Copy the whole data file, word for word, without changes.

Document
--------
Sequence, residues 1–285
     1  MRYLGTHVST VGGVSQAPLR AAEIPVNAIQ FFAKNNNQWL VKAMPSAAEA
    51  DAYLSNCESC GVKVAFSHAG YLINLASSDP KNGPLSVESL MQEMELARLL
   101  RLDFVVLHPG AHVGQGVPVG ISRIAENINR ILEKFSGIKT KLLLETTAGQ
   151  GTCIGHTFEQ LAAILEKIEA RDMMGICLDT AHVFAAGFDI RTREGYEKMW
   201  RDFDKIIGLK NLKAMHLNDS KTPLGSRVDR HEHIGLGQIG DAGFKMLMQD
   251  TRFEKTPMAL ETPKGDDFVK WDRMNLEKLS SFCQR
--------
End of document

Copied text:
Sequence, residues 1–285
     1  MRYLGTHVST VGGVSQAPLR AAEIPVNAIQ FFAKNNNQWL VKAMPSAAEA
    51  DAYLSNCESC GVKVAFSHAG YLINLASSDP KNGPLSVESL MQEMELARLL
   101  RLDFVVLHPG AHVGQGVPVG ISRIAENINR ILEKFSGIKT KLLLETTAGQ
   151  GTCIGHTFEQ LAAILEKIEA RDMMGICLDT AHVFAAGFDI RTREGYEKMW
   201  RDFDKIIGLK NLKAMHLNDS KTPLGSRVDR HEHIGLGQIG DAGFKMLMQD
   251  TRFEKTPMAL ETPKGDDFVK WDRMNLEKLS SFCQR